Badged and Kebabbed

Badgeland. By Steve Rayson. Bavant Press. 2023.

This is an engaging and well-written account of a life spent in left-wing politics during the 1980s, mainly in the Labour Party and also in Militant for a time, referencing a variety of Trotskyist and leftist groups from the era, together with their preoccupations and campaigns. Hence the Badgeland title – from ‘Rock Against Racism’ to ‘Coal Not Dole’.

Rayson starts as a schoolkid with an interest in politics in his home town of Swindon before moving on to be a student radical at Bath University and then after graduation to various management positions, initially at the former Greater London Council (GLC) before its abolition by Thatcher.

He charts an emerging disjunction in his life between the metropolitan sophistication of London and its progressive social liberalism and the visits he makes back to his working class roots in Swindon to visit family. There, the working men’s club frequented by his father and his friends has little time or interest in the radical left. Much to Rayson’s dismay they instead developed much more of an interest in buying their council houses and making a quick buck by joining in the various share-offerings of the privatized utilities. It is a tale that reflects a fundamental and wider shift at the time, when former working class trade unionists became seduced by the alleged benefits of the ‘property-owning democracy’ promoted by Thatcher’s Tories.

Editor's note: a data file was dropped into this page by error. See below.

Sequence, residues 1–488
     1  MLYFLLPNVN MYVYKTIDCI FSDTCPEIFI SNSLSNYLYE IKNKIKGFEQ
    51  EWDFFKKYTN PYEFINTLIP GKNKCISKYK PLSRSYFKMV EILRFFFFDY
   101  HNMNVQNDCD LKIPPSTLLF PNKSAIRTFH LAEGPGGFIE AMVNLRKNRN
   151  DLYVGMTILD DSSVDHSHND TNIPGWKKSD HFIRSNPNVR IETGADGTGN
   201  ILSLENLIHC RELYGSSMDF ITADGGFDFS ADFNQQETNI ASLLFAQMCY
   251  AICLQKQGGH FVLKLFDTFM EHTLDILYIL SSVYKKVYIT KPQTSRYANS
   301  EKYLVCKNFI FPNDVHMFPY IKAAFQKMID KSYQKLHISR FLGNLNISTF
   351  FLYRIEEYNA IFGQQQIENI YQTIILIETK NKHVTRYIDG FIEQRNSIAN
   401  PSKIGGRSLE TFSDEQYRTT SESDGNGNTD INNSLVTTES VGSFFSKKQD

The book is funny by turn and sad at others, and in essence charts his frustrations at the failure of most of the campaigns he got involved in, from CND and the Miners’ Strike to the fight to save the GLC. He also traces the parallel tendencies within the left that were to emerge as New Labour, making an accommodation with Thatcherism that Rayson was uncomfortable with.

Eventually, after his time as a manager in local government, Rayson became an entrepreneur himself and in the ultimate irony claims that his life in and around Trotskyist groups prepared him well for the task, incongruous though that may sound. Part of a recalled conversation with a left-wing friend at the time is worth repeating: